Bayha Gossett has chosen to tackle this mission as a member of the Mentoring Committee, one of several on which she serves. She also sits on the Cornell University Council Administrative Board. On behalf of PCCW, she has helped to create a speaker series in conjunction with Cornell’s Graduate and Professional Women's Network (GPWomeN). Supported in part by a $10,000 PCCW Leadership Grant, the series brings five speakers to campus throughout the year to lecture on leadership topics to an audience primarily in the STEM fields.
Gamez, who calls Bayha Gossett her “PCCW buddy,” is focusing her efforts on individual mentoring, drawing on her own experience as a first-generation college student.
“Currently I have one mentee that I am excited to build a relationship with,” she explained. “As a young Mexican American woman, I wished I had someone to mentor me as I navigated my way through college and the unknown. I was very naive and could have used some good sound advice, so now I hope to motivate other young women to find their passion and go on to succeed in their fields of study.”
Inclusion and diversity are issues close to Morimoto’s heart as well. In fact, she sees her invitation to join PCCW as a reflection and continuation of her work in these areas. In addition to PCCW, Morimoto is helping to plan this year’s first ever All-Diversity Reunion at Cornell.
Liz Dole also brings a strong volunteer résumé to PCCW, having served multiple terms on the college’s Advisory Council and on the board of the Central New York Veterinary Medical Association. She continues the college’s tradition of alumnae lending their expertise to the university community through PCCW, inspiring future generations to get involved.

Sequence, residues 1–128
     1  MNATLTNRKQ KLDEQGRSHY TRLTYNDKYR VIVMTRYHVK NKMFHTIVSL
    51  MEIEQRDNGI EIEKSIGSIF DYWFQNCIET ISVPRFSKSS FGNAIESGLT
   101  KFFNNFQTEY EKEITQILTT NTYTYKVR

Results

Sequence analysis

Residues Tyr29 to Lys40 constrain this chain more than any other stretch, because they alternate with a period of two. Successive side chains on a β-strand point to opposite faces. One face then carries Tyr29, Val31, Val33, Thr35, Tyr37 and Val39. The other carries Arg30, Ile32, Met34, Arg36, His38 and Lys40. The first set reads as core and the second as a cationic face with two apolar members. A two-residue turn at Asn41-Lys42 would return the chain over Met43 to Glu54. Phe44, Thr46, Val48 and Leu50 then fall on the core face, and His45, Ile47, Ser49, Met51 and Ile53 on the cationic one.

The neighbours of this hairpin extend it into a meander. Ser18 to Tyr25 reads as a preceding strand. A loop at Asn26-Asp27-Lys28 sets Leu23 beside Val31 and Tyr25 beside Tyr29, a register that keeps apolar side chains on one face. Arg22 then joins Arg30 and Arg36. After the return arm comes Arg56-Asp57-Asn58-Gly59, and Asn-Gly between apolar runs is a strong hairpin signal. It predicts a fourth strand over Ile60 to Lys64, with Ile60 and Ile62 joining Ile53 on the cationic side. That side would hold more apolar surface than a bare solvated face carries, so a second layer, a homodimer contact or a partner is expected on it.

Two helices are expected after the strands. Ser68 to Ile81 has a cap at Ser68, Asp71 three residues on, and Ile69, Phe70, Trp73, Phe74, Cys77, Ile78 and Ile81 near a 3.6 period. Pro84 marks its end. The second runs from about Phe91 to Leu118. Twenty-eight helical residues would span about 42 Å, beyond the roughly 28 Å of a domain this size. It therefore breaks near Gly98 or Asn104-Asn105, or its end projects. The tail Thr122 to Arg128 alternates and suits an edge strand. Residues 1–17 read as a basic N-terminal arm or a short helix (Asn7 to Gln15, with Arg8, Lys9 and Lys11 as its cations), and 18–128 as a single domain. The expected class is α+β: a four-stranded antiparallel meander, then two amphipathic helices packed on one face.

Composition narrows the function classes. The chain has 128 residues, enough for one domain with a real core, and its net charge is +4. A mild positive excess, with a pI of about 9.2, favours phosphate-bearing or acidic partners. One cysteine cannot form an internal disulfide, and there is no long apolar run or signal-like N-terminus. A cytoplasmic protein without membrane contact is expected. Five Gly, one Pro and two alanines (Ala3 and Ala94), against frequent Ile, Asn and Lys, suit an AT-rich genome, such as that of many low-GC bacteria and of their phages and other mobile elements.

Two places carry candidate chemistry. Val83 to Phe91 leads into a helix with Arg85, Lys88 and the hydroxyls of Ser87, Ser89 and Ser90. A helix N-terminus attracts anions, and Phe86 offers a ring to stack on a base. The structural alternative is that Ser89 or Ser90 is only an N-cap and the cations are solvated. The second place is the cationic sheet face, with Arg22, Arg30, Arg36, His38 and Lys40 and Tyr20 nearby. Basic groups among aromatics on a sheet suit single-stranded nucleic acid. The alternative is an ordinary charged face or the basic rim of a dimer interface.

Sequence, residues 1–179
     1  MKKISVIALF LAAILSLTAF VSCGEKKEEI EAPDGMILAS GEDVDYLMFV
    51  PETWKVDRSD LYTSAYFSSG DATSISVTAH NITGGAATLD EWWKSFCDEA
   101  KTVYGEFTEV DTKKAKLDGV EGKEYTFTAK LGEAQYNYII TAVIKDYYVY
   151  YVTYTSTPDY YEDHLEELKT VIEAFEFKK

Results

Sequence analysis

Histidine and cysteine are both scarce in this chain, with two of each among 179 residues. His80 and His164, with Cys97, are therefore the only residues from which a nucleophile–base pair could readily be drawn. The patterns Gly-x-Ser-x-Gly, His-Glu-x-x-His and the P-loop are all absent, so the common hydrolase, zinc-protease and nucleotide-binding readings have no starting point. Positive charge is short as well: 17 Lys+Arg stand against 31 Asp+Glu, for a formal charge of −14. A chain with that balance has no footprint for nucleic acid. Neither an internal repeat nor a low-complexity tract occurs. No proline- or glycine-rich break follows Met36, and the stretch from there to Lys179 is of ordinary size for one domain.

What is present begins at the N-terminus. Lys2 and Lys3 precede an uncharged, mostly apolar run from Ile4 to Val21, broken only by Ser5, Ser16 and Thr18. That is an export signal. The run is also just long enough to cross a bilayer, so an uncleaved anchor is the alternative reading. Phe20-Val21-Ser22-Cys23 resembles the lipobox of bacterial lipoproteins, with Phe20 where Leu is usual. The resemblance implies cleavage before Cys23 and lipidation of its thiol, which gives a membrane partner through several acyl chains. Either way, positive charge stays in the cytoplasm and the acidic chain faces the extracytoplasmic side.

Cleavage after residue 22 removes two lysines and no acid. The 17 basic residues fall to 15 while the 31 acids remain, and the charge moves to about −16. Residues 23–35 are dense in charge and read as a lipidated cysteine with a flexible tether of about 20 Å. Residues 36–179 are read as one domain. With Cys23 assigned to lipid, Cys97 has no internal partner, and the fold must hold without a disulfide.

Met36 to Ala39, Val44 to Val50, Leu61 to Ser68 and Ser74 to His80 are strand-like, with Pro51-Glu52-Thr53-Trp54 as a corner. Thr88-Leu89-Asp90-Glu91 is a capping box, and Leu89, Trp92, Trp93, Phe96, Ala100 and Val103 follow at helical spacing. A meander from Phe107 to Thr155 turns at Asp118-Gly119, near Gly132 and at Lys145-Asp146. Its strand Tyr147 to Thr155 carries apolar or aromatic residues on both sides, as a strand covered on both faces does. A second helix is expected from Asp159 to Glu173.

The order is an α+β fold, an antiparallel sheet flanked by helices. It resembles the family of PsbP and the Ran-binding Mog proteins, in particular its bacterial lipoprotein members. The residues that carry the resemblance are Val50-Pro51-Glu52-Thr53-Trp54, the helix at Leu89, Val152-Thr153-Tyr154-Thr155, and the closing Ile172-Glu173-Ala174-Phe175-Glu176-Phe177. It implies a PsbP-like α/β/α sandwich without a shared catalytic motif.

Perhaps it is a testament to the early accomplishments of such organizations as PCCW that Ellen Carlin, Senior Health and Policy Specialist at the non-profit EcoHealth Alliance and member of the PCCW Communications Committee, never felt disadvantaged by her gender. “I have been fortunate to have not felt for a second that there were any doors open to men that were not open to me,” she said. “But I recognize that is not true for everyone.” Through her PCCW work, for example, she learned that the all-women’s Cornell University Chorus is still seeking to achieve financial and experiential parity with the men’s Glee Club. “I’m happy to be a small part of helping them get there,” she said.
Carlin shares this desire to support the next generation of women with her fellow PCCW alumnae, all of whom are driven by a deep sense of gratitude. “Cornell changed my life,” Gamez said. “It was my building block, and I owe it to Cornell to give back.” Carlin echoed her sentiment: “Because so many people at Cornell helped create the scaffold that enabled my own career, I feel a total sense of obligation to do the same for today’s students,” she said.
In PCCW, Carlin has found an ideal avenue, one she recommends to all potential members. “It’s a great opportunity with no downsides,” she said. “You can give as much or as little time as your schedule allows for, and it’s a nice way to still feel connected to campus from far away.”
By Olivia Hall